Amidst public ardor, township council formally opts out of cannabis sales

Roskoph provides framework, timeline to facilitate a possibile opt-in.

After a long, and at times contentious and passionate public comment period during its July 26 public meeting, Cherry Hill township council formally opted out of cannabis sales within municipal limits.

The governing body had originally decided to opt out during a public meeting two weeks prior, with several members of council stressing that a future opt-in was possible once the state’s Cannabis Regulatory Commission laid down strict guidelines and regulations.

Municipalities had been given a deadline of Aug. 21 to take action and decide on permitting cannabis sales.Towns that elected to allow sales are locked in for the next five years, while those that elected to opt out could opt back in at any time. Any town that failed to take action before the deadline would be treated as if it selected to opt in. 

Embedded in Gov. Phil Murphy’s February legislation was a provision that allows  municipalities to levy a sales tax of up to 2 percent on cannabis transactions, meaning  municipalities can keep those funds and apply them where needed. 

“I don’t think there is anyone in this room who would sign a contract without reading the fine print,” noted Council President David Fleisher. “We’ve had very healthy discussions, and I think there was consensus that we’ll take this pause. We wanted to make sure we had a timeline in place so we could be comfortable with tackling the issue.”

Although the seven-member council voted for temporary prohibition, Councilwoman Carole Roskoph presented a timeline for her colleagues, administrators and township public safety officials to become well enough informed and take a definitive stance by early next year. 

“What I want is, whatever decision we come to, that we can explain to the public how we got to that decision,” she offered. “How we got to the hard yes, and how we got to the hard no.”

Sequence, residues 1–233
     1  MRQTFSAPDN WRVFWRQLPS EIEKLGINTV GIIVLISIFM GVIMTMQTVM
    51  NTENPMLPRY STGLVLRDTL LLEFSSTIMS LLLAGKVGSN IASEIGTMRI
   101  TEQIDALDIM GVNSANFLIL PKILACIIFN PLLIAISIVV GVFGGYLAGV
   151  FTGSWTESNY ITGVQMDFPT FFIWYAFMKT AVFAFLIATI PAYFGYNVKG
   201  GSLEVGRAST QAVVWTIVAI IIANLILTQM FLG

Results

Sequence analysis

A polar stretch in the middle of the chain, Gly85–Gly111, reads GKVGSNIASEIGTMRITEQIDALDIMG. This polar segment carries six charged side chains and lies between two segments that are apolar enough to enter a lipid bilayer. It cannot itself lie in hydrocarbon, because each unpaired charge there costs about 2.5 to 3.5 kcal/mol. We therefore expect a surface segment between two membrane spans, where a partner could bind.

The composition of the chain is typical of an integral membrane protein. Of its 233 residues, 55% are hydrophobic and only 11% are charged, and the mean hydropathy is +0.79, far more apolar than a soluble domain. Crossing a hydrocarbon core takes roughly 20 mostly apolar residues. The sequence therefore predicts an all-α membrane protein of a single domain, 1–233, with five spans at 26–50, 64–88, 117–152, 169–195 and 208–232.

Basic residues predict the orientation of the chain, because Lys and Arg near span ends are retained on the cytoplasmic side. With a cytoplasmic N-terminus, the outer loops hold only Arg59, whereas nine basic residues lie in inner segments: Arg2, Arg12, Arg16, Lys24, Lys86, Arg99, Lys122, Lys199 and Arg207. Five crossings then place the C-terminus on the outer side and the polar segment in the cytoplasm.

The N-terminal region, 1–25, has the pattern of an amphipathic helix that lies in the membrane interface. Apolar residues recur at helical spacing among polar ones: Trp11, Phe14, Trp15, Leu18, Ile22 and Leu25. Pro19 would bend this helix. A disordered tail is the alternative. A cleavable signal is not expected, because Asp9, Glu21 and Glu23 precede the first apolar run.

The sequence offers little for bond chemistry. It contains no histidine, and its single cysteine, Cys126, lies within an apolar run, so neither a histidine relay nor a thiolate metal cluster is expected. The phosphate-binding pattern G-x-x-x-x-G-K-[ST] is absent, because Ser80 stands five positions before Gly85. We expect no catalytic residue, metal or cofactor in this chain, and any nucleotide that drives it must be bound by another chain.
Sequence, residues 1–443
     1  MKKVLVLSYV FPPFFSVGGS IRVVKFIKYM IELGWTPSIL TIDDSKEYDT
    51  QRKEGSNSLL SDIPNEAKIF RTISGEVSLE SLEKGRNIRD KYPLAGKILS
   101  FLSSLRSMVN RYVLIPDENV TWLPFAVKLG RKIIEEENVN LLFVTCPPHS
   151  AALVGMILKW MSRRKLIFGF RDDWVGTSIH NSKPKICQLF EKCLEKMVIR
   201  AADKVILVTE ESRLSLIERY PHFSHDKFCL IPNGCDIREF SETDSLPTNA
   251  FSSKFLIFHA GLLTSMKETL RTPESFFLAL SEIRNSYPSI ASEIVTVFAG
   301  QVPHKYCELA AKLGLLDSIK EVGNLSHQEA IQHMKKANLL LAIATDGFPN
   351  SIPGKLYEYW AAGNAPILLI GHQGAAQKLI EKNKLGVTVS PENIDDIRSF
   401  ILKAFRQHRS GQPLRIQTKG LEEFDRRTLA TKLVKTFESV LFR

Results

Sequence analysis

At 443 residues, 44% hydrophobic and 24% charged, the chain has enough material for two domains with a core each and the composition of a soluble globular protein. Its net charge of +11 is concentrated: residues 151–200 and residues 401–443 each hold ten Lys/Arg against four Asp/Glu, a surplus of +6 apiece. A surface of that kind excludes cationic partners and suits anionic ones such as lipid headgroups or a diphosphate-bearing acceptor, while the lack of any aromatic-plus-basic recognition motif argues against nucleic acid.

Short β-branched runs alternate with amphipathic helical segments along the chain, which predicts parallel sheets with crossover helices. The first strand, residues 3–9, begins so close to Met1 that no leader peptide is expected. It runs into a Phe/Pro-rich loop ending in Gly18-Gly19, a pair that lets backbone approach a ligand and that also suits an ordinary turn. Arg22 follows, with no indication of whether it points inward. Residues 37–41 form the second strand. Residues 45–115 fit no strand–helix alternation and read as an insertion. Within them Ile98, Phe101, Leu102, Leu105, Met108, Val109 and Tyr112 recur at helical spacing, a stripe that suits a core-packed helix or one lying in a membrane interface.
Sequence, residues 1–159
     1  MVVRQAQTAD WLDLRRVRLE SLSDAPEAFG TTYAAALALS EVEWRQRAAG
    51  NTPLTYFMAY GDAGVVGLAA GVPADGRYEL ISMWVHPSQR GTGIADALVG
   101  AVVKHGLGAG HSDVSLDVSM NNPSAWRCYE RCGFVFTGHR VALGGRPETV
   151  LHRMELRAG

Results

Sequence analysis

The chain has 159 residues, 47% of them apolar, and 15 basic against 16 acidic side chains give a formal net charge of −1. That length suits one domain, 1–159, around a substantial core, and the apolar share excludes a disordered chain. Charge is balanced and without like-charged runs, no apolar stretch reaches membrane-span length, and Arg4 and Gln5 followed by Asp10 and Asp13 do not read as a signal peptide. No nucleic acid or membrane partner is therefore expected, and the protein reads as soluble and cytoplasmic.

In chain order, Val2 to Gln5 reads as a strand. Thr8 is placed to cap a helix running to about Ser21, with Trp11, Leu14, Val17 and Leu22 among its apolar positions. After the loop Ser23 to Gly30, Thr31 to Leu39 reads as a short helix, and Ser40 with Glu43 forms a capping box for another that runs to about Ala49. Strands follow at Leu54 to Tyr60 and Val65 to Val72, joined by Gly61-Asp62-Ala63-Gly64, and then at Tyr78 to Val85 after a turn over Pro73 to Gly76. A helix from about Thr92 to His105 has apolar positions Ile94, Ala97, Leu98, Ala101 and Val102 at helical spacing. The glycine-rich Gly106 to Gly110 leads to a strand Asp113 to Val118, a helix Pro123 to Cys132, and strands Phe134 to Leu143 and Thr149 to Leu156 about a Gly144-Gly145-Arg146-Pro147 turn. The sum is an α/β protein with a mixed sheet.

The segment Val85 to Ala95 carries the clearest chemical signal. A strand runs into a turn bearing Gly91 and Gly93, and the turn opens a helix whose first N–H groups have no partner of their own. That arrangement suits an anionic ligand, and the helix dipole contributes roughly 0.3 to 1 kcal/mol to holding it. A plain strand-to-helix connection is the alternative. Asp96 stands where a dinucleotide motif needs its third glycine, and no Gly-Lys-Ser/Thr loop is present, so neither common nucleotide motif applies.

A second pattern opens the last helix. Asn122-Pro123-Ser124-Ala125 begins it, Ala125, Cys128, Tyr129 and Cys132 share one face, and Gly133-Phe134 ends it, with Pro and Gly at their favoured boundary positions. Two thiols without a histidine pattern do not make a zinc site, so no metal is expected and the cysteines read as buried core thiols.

Included in the proposed timeline Roskoph presented: If the commission’s rules and regulations are released on or about Aug. 21, all council members will have to read them by mid September and pose any questions they have to the mayor’s office. By  Oct. 1, the date of his retirement, Police Chief William “Bud” Monaghan’s will provide  council with a report on what he sees as the main public-safety issues. By Nov. 1, Director of Community Development Cosmas Diamantis will provide a report about zoning impacts.

Other timeline items: By Dec. 1 council will have a conversation about what to do with the 2-percent tax. By Jan. 1, council will hold a town hall meeting where the public can  address its concerns, and then by Feb. 1, council will have enough information to make a decision. 

Roskoph stated her feeling that all of the above dates, except Oct. 1, were somewhat flexible.  

“I understand why we waited, but I don’t want to wait past six more months,” she added. 

With only one more chance to make residents’ voices heard, public opinion on the issue proved to be lengthy and polarizing from a variety of sources.

Residents who had spoken previously against the opt-out, in light of Fleisher’s admission that council would need until the end of the year to fully “wrap their arms around” all the details of possibly opting back in, continued to push for quicker action, as well as advocating for future tax revenue to be applied to Cherry Hill schools. 

Several homeowners, including Sarah Joslin and Jamell Rosario, spoke about the potential dangers of children being exposed to marijuana smoke and cannabis products in places like the mall and on residential street corners. 

In requesting the ordinance be tabled, Jeff King of Eatontown remarked, “I heard a lot of disturbing ‘Reefer Madness’-like rhetoric, and I disagree with some of the assertions. Gateway to horror and psychosis? It’s just not true. It’s just as good as the revenue from (Somerdale-based brewers) Flying Fish.” 

Ilana Yares expressed her disappointment with council for a perceived lack of foresight, and for failing to advocate for a quicker response from the state on rules and regulations related to cannabis, noting, “2 percent of zero sales is zero dollars.”

In her closing comments, Roskoph stressed the importance of having all voices heard, and giving the public every chance to contribute. But her opinion came with a caution that council’s ultimate resolution on cannabis will not please everyone. 

“It’s healthy to disagree, but the purpose of democracy is to come to consensus,” she said. “And so, I believe with all of who I am, that is what we will do as a community on this issue.”